Fitbit brings us a new series of fitness trackers: Charge, Charge HR and Surge

Fitbit Charge, Charge HR and Surge Fitbit released a new blog post today showing off three new fitness and sleep trackers, the Fitbit Charge, Fitbit Charge HR, and Fitbit Surge. The Charge is available to purchase now, with the other two following in early 2015.

As far as fitness tracers go, Fitbit is one of the most popular on the market for a reason. The brand has offered several features that others do not, such as the Flex being waterproof. But it has been awhile since they had a really solid product release, and with smartwatches now being manufactured by several companies, they have some catching up to do.

Fitbit Charge

The Fitbit charge is the first attempt to close that gap. It tracks steps, distance, calories burned, and floors climbed. It tracks all activity through the day, rather than just what you choose. It also has a standard clock, so it doubles as a watch and alarm clock, using a silent vibration to wake you up gently. Through tracking your sleep patterns it can assist you in improving the quality of that sleep.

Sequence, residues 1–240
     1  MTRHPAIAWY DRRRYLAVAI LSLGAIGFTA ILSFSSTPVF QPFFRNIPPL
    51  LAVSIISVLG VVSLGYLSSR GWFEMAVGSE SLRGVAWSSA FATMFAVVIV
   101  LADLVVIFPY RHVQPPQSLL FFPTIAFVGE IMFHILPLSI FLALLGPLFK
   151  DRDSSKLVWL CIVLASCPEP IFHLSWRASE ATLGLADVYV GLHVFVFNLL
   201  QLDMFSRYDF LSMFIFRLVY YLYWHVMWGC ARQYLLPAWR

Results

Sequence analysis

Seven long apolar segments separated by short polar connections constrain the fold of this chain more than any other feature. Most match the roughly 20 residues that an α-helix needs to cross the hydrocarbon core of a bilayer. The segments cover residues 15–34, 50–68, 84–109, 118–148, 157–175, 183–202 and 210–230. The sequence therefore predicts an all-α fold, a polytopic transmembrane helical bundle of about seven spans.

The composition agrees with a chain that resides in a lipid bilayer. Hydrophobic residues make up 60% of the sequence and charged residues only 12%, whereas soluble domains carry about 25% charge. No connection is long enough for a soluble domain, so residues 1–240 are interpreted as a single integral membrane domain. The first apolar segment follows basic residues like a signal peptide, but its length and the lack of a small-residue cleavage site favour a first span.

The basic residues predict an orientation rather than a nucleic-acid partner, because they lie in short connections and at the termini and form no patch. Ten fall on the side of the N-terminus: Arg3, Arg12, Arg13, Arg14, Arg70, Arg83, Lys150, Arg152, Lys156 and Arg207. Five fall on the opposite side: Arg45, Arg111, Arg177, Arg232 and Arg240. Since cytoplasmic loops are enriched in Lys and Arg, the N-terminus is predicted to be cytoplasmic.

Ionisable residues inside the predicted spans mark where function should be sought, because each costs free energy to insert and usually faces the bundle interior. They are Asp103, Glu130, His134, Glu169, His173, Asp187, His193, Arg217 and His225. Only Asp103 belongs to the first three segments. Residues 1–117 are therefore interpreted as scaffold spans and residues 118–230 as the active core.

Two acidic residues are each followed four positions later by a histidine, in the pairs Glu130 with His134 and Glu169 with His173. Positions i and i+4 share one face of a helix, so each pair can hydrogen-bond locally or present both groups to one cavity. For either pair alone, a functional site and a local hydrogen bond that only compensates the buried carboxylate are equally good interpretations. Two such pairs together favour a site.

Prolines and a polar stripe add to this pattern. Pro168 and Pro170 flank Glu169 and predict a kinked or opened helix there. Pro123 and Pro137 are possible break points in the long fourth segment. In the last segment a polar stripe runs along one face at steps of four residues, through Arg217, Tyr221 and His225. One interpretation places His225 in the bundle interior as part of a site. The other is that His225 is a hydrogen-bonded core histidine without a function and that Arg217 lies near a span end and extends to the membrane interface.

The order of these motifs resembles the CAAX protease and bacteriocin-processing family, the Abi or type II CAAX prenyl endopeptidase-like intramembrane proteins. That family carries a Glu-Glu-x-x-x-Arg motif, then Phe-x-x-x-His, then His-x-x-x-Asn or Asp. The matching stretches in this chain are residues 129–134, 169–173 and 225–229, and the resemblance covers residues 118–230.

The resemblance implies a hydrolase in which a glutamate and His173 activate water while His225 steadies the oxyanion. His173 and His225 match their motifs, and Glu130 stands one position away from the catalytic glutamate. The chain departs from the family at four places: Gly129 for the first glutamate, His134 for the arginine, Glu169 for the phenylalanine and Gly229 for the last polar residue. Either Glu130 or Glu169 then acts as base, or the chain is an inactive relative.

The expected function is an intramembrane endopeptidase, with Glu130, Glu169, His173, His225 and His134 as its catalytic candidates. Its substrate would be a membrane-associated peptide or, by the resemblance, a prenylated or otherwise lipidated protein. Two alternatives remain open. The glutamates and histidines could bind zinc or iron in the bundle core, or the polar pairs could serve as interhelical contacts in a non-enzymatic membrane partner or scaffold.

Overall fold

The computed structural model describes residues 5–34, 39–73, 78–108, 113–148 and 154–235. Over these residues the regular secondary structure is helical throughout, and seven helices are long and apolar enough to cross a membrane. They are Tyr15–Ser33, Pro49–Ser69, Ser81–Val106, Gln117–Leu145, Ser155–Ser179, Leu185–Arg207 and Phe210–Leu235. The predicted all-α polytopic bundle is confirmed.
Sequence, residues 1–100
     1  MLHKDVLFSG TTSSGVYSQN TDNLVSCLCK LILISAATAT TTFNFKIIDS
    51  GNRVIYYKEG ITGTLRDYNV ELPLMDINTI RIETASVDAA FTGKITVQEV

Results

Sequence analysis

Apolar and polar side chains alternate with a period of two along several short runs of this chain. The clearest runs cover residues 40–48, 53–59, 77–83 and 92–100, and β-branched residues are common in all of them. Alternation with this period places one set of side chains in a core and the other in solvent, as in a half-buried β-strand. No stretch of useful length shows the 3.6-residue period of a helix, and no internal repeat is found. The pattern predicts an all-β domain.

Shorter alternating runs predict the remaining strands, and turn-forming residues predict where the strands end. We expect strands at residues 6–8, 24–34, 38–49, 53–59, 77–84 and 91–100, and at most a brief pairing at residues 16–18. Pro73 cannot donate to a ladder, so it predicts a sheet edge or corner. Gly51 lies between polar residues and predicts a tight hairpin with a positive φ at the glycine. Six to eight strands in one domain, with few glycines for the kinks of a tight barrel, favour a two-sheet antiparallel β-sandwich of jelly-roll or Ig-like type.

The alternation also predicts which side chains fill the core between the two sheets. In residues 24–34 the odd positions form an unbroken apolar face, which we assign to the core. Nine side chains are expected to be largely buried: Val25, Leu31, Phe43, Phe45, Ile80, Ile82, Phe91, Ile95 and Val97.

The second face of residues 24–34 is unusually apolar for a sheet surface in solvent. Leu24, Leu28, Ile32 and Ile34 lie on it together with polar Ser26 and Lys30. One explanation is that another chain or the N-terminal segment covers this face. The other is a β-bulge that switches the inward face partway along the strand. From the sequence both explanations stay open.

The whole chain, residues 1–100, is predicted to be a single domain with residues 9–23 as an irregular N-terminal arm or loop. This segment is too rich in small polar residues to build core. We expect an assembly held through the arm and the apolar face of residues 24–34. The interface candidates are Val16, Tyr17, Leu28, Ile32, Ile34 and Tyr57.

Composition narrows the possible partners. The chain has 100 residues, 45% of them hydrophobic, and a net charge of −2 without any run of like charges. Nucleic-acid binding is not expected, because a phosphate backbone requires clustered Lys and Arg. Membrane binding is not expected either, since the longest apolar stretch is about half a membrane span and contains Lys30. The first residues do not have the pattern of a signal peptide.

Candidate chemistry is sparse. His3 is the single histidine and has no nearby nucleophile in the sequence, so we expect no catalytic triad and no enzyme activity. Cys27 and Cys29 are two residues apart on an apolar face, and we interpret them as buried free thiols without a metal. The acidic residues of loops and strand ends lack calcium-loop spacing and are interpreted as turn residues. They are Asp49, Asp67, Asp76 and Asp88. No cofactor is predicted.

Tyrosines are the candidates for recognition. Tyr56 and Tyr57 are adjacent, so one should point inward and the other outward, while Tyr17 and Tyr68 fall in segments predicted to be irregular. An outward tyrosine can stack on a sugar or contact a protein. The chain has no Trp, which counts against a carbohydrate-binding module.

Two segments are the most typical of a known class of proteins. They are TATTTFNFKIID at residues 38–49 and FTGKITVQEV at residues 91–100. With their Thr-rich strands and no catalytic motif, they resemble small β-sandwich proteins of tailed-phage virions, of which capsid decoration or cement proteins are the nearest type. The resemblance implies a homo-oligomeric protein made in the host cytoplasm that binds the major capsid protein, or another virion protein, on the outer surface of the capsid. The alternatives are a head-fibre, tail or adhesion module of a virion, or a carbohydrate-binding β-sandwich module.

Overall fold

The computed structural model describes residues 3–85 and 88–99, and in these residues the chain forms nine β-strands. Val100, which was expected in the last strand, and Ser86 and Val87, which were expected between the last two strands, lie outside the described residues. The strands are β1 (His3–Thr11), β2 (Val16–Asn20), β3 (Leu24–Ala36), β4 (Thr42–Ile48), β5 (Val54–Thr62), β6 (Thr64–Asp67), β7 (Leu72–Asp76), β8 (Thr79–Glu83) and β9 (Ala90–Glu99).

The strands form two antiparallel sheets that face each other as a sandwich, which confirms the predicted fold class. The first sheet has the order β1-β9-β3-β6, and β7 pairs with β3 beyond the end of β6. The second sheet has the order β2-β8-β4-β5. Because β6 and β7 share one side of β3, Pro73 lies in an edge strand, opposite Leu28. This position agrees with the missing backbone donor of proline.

Most interestingly, and showing their desperate desire to compete with the likes of Apple and Samsung now encroaching on their market share, the Fitbit Charge is the first to offer caller ID for your nearby smartphone. All of this is on top of auto sync through WiFi, so it is clearly trying to automate and combine things better than in the past.

Fitbit Charge HR

This is pretty much the same thing, with a couple of additional features. It tracks all activity through the day based on heartbeat. So it is giving you an accurate look at all calories burned through the day. It creates a trend report for resting heart rate and increases, too, so you can monitor overall health and strength.

Fiitbit Surge

The main difference here is that is uses GPS to give you more thorough information, like split, route, pace, elevation, ect. But apps like MapMyRun do that for multiple activities, as well. So that isn’t quite the plus they might be making it out to be. There is text alerts and mobile music control, which is interesting, and they use more sensors for a more accurate tracking experience.

Prices start at $129.95 for the standard Charge, with no word yet on the price tag for the other two. All in all, it looks like a food fitness tracker, and aimed at that one task rather than the more broad focus on smartwatches.

Source: Fitbit

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